I know morons use the stuff in Advil Cold & Sinus to make methamphetamine, but that medicine works. With the harvest happening here in central Illinois, I'm all congested and a bit sickly. Having to provide my driver's license to get the good stuff (Advil, people, not crystal meth) is no problem since it's going to make me feel better.

This pisses me off: "Drop Dead." We should expect many folks from Florida universities polishing their CVs and going on the job market again. And New College (one of the colleges noted in the article) is consistently ranked as one of the best college values in American education.

What's the deal (channeling Andy Rooney) with people not acknowledging you've sent them an email? I say this as an occasional offender of what I'm complaining about, so I also need to do better. But lack of acknowledgement happens to me all the time, whether it's colleagues or students. A simple "Thanks" will do.

For whatever reason, my son insists on making the past tense of the verb pee to be "peeped." For example, "I peeped in the toilet, Dad." He knows better, but he's just using the word because he knows it's not right. Good thing we didn't name him Tom.

For those painting the Wall Street protesters as clowns, I give you a piece in Business Insider that is heavy on visuals: "CHARTS: "Here's What the Wall Street Protesters Are So Angry About..." by Henry Blodget. Those visuals cohere with the article I linked in my previous "Random Notes..." post.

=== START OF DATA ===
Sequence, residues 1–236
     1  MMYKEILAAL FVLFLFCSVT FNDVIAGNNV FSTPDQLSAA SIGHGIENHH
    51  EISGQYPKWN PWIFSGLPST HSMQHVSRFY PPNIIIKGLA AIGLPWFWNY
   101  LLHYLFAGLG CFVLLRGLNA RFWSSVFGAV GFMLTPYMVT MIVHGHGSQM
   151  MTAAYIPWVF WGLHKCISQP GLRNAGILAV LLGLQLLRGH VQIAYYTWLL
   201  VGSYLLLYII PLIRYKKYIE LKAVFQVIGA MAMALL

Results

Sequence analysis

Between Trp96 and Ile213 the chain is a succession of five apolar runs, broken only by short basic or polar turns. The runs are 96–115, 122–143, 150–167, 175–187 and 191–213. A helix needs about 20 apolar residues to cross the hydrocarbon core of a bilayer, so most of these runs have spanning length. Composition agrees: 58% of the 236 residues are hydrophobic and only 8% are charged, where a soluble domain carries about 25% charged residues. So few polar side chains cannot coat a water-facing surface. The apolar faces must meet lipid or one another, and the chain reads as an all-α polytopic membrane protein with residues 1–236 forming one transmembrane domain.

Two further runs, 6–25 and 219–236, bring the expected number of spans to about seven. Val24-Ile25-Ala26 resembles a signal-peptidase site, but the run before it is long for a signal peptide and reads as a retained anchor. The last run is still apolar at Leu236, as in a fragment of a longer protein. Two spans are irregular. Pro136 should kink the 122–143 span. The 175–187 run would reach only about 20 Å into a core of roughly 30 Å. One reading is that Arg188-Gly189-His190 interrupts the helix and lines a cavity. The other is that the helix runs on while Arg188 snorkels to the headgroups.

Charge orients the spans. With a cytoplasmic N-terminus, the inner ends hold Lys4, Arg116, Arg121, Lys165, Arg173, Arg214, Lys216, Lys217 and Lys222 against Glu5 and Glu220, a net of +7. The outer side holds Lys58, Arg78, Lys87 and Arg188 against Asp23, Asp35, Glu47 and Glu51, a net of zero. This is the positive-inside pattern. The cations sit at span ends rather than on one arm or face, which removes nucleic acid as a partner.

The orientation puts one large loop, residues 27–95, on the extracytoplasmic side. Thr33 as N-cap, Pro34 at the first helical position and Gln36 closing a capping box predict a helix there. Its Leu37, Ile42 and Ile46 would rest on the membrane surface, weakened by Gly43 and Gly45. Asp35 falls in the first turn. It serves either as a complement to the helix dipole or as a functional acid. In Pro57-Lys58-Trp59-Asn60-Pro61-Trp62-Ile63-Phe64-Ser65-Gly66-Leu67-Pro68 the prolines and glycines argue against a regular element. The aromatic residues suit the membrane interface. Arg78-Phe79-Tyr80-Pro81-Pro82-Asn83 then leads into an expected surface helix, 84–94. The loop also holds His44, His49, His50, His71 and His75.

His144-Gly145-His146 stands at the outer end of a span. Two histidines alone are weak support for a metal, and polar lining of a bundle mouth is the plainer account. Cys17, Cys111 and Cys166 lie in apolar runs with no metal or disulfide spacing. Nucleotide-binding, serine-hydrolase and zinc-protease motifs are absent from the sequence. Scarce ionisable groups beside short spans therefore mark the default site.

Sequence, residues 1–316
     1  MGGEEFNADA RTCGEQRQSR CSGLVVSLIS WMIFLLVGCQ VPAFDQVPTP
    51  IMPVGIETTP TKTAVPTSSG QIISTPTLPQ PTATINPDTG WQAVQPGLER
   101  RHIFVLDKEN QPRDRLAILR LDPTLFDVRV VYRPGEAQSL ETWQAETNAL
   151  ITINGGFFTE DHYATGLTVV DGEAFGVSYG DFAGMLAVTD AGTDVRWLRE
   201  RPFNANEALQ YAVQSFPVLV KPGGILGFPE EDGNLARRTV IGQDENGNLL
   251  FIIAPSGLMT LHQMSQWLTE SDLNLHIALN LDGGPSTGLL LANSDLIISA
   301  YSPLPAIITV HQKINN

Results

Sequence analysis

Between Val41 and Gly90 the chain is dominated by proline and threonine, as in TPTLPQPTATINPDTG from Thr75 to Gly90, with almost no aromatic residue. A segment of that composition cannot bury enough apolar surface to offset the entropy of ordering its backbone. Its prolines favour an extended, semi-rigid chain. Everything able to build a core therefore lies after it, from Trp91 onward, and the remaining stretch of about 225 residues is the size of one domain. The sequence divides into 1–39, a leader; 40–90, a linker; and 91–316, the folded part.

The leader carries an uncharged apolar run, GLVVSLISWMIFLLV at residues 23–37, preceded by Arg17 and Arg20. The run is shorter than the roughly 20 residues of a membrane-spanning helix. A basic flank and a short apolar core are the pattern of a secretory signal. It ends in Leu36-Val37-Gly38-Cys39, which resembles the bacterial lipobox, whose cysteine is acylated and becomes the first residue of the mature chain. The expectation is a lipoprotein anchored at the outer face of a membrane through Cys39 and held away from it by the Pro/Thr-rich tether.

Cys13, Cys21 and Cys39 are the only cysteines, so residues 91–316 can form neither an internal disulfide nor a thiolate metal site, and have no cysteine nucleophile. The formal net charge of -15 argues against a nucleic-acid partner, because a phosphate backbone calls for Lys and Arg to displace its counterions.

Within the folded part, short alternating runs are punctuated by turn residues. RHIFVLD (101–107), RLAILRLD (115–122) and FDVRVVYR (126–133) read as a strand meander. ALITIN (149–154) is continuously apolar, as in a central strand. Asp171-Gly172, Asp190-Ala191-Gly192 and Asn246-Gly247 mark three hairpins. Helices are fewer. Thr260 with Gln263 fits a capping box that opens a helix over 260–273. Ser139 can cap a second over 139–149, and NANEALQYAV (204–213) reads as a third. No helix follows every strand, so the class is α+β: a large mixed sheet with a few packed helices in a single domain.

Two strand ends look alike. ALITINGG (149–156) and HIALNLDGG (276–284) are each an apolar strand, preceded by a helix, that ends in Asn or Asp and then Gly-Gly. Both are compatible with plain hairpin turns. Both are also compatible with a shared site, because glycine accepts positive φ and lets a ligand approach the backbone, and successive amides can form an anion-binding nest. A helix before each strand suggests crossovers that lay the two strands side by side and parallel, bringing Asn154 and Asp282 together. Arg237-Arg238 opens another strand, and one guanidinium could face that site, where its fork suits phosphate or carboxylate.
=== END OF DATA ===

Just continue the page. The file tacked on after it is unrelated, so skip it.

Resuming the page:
The passing of Steve Jobs has created some interesting claims about what he did for the world. Since I'm not the most technologically savvy or knowledgeable about computers, I'll quote what one of my buddies, who works for a major computer company, put as his FB status for a short while: "Dear Internets, I like my iPhone and all but it's worth noting that Jobs did not invent the smartphone, or the computer, or digital music distribution. He did it better than anyone else had done up to the point they were introduced. He was a phenomenal marketing and design guy with a flair for the dramatic. Apple is Apple because of Job's marketing and design brilliance not because he invented anything. So, please stop with the Edison comparisons and just remember him for what he really really did, make great products and market the hell out of them." I don't know how right my buddy is, but I did notice that many of the articles written about Jobs quoted professors of marketing.